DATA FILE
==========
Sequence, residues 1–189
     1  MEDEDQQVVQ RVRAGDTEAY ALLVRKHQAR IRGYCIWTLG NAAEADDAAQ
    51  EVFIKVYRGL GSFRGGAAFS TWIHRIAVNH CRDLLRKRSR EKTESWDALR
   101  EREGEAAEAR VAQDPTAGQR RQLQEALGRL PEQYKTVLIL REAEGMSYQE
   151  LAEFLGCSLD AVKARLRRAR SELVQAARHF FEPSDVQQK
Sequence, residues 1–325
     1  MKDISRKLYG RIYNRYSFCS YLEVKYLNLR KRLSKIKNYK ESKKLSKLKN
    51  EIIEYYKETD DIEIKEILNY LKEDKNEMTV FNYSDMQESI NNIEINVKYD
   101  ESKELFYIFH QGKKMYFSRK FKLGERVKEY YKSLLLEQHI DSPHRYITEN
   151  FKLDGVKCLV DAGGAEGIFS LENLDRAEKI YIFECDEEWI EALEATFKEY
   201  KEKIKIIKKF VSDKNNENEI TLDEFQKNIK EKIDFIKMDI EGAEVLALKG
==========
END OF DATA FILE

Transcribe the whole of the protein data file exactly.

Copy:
Sequence, residues 1–189
     1  MEDEDQQVVQ RVRAGDTEAY ALLVRKHQAR IRGYCIWTLG NAAEADDAAQ
    51  EVFIKVYRGL GSFRGGAAFS TWIHRIAVNH CRDLLRKRSR EKTESWDALR
   101  EREGEAAEAR VAQDPTAGQR RQLQEALGRL PEQYKTVLIL REAEGMSYQE
   151  LAEFLGCSLD AVKARLRRAR SELVQAARHF FEPSDVQQK
Sequence, residues 1–325
     1  MKDISRKLYG RIYNRYSFCS YLEVKYLNLR KRLSKIKNYK ESKKLSKLKN
    51  EIIEYYKETD DIEIKEILNY LKEDKNEMTV FNYSDMQESI NNIEINVKYD
   101  ESKELFYIFH QGKKMYFSRK FKLGERVKEY YKSLLLEQHI DSPHRYITEN
   151  FKLDGVKCLV DAGGAEGIFS LENLDRAEKI YIFECDEEWI EALEATFKEY
   201  KEKIKIIKKF VSDKNNENEI TLDEFQKNIK EKIDFIKMDI EGAEVLALKG